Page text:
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mild importance, a diplomatic reserve on some points, great smoothness of speech, and that gentleness which is so often the result of conscious power, made him there an absolute ruler. Perhaps the effect of these causes might be a little aided by the latent dread which that power inspired in others. Many an exploit had proved that Tom Cordery's one arm was fairly worth any two on the common. The pommeling of Bob Arlott, and the levelling of Jem Serle to the earth by one swing of a huge old hare (which unusual weapon was, by the way, the first slain of May-flower, on its way home to us in that walking cupboard, his pocket, when the unlucky rencontre with Jem Serle broke two heads, the dead and the living), arguments such as these might have some cogency at the Red Lion.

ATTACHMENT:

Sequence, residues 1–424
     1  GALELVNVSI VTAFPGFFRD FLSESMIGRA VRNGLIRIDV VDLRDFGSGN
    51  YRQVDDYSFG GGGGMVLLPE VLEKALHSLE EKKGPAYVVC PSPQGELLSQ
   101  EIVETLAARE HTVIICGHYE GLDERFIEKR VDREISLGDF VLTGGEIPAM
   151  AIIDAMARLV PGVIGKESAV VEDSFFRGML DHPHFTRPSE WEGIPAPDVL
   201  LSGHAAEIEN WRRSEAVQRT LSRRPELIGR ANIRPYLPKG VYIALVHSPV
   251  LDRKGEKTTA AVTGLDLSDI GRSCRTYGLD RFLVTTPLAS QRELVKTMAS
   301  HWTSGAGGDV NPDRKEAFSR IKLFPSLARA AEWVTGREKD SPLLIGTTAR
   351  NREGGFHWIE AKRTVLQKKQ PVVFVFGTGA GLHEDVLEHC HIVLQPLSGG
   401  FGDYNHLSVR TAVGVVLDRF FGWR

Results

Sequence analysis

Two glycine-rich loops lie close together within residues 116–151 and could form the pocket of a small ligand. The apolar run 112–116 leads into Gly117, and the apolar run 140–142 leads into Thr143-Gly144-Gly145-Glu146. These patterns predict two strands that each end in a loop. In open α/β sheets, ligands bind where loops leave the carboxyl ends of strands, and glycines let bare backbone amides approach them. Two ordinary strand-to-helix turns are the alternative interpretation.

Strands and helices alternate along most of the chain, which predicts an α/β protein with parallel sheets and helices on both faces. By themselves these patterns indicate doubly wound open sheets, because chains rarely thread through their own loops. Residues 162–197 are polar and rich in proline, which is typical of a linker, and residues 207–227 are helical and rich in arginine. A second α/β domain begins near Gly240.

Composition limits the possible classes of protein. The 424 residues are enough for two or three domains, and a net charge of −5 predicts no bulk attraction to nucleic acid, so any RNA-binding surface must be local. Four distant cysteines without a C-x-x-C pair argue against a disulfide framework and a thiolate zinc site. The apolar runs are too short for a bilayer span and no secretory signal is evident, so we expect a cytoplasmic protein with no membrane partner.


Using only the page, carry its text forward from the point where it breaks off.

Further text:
But he managed every body, as your gentle mannered person is apt to do. Even the rude squires and rough farmers, his temporary masters, he managed, particularly as far as concerned the beat, and was sure to bring them round to his own peculiar fancies or prejudices, however strongly their own wishes might turn them aside from the direction indicated, and however often Tom's sagacity in that instance might have been found at fault. Two spots in the large wild enclosures, into which the heath had been divided, were his special favourites; the Hundred Acres, alias the Poor Allotment, alias the Burnt Common.—Do any or all of these titles convey any notion of the real destination of that many-named place? A piece of moorland (portioned out to serve for fuel to the poor of the parish)—this was one. Oh! the barrenness of this miserable moor! Flat, marshy, dingy bare. Here that piece of green treachery, a bog; there, parched and pared, and shriveled, and black with smoke and ashes; utterly desolate and wretched every where, except where, amidst the desolation, blossomed, as in mockery, the enameled gentianella. No hares ever came there; they had too much taste. Yet thither would Tom lead his unwary employers; thither, however warned, or cautioned, or experienced, would he by reasoning, or induction, or gentle persuasion, or actual fraud, entice the hapless gentleman; and then to see him, with his rabble of finders, pacing up and down this precious " setting ground" (for so was Tom, thriftless liar, wont to call it), pretending to look for game, counterfeiting a meuse; forging a form; and telling a story some ten years old of a famous hare once killed in that spotby his honour's favourite bitch Marygold. I never could thoroughly understand whether it were design, a fear that too many hares might be killed, or a real or honest mistake, a genuine prejudice in favour of the place, that influenced Tom Cordery in this point. Half the one, perhaps, and half the other. Mixed motives, let Pope and his disciples say what they will, are by far the commonest in this particoloured world. Or he had shared the fate of greater men, and lied till he believed—a coursing Cromwell, beginning in hypocrisy and ending in fanaticism. Another pet spot was the Gallows-piece, an enclosure almost as large as the Hundred Acres, where a gibbet had once borne the bodies of two murderers, with the